Reagan sought the input from the Moral Majority leadership during his campaign and appointed the Rev. Robert Billings, the Moral Majority's first executive director, to be a religious advisor to the campaign.[31] Later, Reagan appointed Billings to a position the Department of Education. This appointment was particularly significant for the Moral Majority, which had lobbied on education policy issues, especially those regarding private schools.[32]

[30] According to [26] The Moral Majority was a relatively early supporter of Reagan, with Falwell announcing the organization's endorsement of Reagan before the Republican convention.

1980

The 1976 election of Jimmy Carter as President of the United States marked a milestone for evangelical Christians. For the first time, a self-professed evangelical Christian had been elected to the nation’s highest office, bringing the national awareness of evangelical Christianity to a new level. Despite commonality in religious identification, however, evangelical Christians in general and eventually the newly formed Moral Majority in particular would come to be disappointed with Carter’s policies. Carter did not share the Moral Majority’s political imperative to unify personal and political positions and would instead support the positions of his own party, the Democratic Party. In particular, Carter did not actively oppose his party’s general pro-choice platform on abortion, nor did Carter work to bridge the church-state divide, both factors in the Moral Majority’s decision to support Ronald Reagan’s candidacy in 1980.[2]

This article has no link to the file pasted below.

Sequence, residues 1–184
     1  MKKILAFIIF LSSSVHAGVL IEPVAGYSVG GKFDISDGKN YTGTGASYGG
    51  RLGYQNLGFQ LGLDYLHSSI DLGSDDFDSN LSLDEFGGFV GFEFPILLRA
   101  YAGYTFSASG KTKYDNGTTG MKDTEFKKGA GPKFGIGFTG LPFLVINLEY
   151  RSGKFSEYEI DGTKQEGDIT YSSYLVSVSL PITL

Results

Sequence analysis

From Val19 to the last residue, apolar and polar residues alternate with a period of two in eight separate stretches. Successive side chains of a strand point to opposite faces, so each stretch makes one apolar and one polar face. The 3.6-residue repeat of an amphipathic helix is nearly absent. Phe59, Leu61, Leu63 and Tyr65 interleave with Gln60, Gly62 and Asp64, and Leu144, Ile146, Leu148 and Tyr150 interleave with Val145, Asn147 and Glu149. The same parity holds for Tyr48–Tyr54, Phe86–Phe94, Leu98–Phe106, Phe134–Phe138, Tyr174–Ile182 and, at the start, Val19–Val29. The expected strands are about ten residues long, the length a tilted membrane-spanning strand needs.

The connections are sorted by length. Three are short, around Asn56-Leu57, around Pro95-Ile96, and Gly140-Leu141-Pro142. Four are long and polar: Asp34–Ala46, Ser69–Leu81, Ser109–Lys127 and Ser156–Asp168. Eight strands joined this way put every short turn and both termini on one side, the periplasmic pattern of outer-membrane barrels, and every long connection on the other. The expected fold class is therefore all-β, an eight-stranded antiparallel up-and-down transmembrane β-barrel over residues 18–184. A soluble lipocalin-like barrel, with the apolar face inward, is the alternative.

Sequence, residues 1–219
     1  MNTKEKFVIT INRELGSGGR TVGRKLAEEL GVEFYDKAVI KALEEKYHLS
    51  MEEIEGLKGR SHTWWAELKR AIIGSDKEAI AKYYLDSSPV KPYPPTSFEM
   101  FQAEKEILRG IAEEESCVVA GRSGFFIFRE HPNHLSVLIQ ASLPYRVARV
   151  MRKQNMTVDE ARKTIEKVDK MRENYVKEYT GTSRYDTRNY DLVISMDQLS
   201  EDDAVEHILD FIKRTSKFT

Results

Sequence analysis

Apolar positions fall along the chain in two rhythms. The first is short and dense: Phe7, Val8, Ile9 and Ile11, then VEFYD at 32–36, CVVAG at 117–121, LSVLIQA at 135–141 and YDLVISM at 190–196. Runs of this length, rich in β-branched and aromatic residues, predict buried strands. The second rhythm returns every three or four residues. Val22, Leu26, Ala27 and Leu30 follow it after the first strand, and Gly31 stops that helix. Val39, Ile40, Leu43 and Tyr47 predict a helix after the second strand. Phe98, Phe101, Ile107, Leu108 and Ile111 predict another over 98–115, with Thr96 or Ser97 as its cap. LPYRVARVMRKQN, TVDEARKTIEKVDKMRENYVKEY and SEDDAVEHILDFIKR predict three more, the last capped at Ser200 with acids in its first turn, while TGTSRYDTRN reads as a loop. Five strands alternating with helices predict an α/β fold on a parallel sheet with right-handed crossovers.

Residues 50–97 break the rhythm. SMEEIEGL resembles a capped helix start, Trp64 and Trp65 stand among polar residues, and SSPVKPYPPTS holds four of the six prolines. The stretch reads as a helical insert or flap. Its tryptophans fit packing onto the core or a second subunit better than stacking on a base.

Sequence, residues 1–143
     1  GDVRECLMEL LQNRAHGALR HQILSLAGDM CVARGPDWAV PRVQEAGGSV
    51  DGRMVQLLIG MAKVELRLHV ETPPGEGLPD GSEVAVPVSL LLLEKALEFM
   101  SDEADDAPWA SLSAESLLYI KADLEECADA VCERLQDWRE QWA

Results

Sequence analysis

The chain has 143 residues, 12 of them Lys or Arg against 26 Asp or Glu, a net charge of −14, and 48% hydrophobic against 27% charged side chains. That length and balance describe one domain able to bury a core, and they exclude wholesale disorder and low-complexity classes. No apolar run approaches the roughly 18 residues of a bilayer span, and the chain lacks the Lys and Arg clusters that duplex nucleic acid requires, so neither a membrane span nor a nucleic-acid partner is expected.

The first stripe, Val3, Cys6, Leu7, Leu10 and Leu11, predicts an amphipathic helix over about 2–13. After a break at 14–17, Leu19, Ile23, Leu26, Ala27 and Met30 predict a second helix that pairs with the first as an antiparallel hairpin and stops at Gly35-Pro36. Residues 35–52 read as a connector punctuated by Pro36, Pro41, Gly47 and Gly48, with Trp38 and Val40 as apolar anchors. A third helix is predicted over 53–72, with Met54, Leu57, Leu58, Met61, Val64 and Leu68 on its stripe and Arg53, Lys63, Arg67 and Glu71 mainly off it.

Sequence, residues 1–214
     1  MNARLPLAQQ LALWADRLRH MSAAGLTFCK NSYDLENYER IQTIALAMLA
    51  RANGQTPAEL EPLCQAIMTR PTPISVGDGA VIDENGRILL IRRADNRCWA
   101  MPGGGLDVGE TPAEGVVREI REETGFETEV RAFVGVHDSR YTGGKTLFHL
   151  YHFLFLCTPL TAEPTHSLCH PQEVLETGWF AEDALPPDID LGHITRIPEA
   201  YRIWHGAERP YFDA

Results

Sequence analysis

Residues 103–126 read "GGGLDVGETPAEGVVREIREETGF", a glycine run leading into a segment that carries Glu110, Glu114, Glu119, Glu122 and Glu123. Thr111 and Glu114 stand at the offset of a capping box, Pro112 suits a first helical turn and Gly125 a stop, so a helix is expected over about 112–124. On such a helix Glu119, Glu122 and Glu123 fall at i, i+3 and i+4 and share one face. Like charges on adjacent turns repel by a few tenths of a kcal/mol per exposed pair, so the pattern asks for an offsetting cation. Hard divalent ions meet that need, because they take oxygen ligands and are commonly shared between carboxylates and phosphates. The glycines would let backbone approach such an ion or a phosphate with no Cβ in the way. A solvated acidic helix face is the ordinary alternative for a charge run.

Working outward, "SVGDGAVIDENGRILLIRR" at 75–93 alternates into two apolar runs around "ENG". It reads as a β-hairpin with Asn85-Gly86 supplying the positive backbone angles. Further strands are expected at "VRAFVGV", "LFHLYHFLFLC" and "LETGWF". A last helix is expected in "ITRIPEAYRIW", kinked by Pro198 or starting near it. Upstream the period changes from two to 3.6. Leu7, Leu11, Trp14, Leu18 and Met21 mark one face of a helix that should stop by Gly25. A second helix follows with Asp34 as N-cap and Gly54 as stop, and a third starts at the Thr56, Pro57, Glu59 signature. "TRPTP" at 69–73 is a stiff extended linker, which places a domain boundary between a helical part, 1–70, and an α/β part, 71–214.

Presidential elections

Nationally, the Moral Majority encouraged electoral participation among its members and used registration drives to register church-goers to vote, with the logic that Moral Majority members would be likely to vote for Moral Majority-endorsed candidates, thus strengthening the organization’s electoral efficacy and strengthening its endorsements. Leaders within the Moral Majority asked ministers give their congregants political direction, reminding congregants when to vote, who to vote for, and why the Moral Majority held particular positions on issues.[25] The Moral Majority, however, is probably best known for its involvement in presidential elections, specifically those of Ronald Reagan.

[24] Before long, the Moral Majority became heavily invested in presidential elections and national politics; although at the state level branches of the Moral Majority continued to pursue specific issues at lower levels of government. As far as elections, state Moral Majority chapters tended to deliberately focus their efforts towards particular candidates. For example, state chapters participated in campaigns to oust liberal members of Congress during the 1980 election. Also, in 1981, the Moral Majority mobilized delegates to the Virginia Republican state nominating convention in order to support Guy Farley, an evangelical candidate for lieutenant governor.[23].school prayer’ proposed legislation on Jesse Helms The Moral Majority’s initial political actions were aimed at supporting [22] The Moral Majority engaged in political activity in a variety of ways, including national media campaigns and